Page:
The report  also  stated that the Nigerian  “refugees reported that air strikes by government forces are continuing from time to time, and that planes are regularly flying over the states of Borno, Yobe and Adamawa where a  state of emergency has been in force since May 14.”

It  added, “People arriving in Niger also mentioned the increasing presence of roving armed bandits in several states in Nigeria. The people also spoke of rising commodity prices coupled with pre-existing food insecurity which is also becoming  a major concern for the populations of the affected states.”

Nigerian forces are engaged in a  four- week-old operation to regain territory from fighters loyal to   Boko Haram. The soldiers claim that   they had  destroyed key  Boko Haram bases and arrested more than 150 suspected insurgents in Borno, Yobe and Adamawa states.

The military was not immediately available for comment, but in a statement on FridayDefence Headquarters Spokesman,  Brig -Gen. Chris Olukolade,  denied a report that Nigerian refugees were “pouring into” Niger.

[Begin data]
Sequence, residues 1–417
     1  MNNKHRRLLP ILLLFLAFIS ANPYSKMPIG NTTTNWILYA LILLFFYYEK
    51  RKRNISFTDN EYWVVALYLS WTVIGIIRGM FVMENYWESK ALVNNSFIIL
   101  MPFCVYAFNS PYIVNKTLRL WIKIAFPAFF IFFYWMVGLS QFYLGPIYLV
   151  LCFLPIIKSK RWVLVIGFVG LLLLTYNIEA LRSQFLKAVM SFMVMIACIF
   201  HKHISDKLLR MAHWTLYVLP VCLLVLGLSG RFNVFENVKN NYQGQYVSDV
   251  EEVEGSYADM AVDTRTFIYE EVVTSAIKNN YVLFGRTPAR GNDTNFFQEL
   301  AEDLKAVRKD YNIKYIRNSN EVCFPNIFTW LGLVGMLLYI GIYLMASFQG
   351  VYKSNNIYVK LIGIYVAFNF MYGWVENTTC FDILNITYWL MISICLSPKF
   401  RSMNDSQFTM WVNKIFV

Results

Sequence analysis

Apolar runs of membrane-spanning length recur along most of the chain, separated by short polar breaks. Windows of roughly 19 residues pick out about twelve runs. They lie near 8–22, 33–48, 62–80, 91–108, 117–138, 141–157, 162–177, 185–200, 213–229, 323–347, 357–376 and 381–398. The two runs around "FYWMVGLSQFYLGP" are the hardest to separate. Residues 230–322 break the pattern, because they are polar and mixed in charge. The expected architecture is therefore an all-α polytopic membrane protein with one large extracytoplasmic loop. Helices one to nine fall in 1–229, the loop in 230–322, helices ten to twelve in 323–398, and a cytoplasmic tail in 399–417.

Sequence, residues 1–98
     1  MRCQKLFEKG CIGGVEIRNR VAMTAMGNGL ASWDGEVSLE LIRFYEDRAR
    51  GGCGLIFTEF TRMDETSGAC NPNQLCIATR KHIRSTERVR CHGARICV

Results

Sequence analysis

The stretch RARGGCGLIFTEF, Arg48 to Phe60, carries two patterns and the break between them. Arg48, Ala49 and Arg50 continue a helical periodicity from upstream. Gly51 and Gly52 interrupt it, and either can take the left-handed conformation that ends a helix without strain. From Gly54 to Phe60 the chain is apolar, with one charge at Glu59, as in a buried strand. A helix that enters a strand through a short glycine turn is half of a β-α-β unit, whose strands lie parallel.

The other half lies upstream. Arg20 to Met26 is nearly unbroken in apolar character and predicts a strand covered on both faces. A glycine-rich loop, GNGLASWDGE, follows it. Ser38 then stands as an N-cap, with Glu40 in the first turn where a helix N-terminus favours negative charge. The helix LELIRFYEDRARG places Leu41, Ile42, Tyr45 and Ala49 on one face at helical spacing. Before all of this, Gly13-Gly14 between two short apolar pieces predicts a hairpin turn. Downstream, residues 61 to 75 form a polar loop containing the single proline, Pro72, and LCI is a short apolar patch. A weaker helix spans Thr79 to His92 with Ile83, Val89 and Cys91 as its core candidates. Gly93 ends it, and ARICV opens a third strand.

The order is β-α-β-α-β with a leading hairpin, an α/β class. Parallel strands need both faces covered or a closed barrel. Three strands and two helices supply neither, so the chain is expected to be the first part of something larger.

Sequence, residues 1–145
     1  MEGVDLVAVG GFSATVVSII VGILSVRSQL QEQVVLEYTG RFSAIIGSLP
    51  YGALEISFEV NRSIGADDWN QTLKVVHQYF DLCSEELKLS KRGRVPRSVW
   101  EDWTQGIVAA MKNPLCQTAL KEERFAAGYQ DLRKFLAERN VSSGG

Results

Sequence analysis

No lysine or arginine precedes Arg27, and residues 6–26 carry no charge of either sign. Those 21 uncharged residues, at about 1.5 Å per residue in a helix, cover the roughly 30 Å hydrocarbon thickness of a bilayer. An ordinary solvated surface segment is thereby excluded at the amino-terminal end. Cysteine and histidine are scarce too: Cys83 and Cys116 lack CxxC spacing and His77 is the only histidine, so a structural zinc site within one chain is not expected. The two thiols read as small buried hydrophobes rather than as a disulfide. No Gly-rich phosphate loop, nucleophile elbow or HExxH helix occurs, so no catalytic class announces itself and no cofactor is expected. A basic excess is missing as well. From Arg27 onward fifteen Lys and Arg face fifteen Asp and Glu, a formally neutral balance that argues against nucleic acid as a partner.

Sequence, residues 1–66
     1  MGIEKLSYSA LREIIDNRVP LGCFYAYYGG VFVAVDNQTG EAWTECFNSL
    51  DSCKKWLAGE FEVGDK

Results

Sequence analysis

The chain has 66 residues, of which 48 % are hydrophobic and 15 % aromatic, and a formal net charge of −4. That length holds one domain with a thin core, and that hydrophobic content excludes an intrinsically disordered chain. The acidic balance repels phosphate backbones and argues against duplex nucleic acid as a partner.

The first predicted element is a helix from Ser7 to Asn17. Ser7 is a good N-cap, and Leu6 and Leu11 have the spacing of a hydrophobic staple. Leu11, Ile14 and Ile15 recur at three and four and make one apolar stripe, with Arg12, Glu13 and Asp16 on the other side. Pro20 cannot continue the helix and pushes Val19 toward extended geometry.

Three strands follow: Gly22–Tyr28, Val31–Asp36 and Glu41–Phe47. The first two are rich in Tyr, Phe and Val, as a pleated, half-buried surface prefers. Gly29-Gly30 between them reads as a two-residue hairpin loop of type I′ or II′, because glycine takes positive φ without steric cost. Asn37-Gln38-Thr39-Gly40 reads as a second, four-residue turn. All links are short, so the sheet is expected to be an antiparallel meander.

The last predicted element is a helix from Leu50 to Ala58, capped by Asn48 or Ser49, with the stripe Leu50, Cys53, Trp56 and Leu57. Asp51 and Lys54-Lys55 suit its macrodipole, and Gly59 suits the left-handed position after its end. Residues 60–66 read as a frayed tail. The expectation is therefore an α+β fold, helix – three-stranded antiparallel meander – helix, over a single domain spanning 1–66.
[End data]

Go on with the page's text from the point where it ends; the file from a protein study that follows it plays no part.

This was even as  the National Emergency Management Agency  said it was responding to the humanitarian needs of the displaced Nigerians in Niger Republic to to alleviate their conditions.

It  said the basic needs  were identified by a special assessment carried out by its team  that was dispatched to the   Niger Republic to ascertain the conditions of Nigerians that had crossed over the border into the country.

Meanwhile, the Special Representative of the UN Secretary- General  for West Africa,  Mr. Said Djinnit,  has tasked West African countries  to collaborate and tackle terrorism in the sub-region.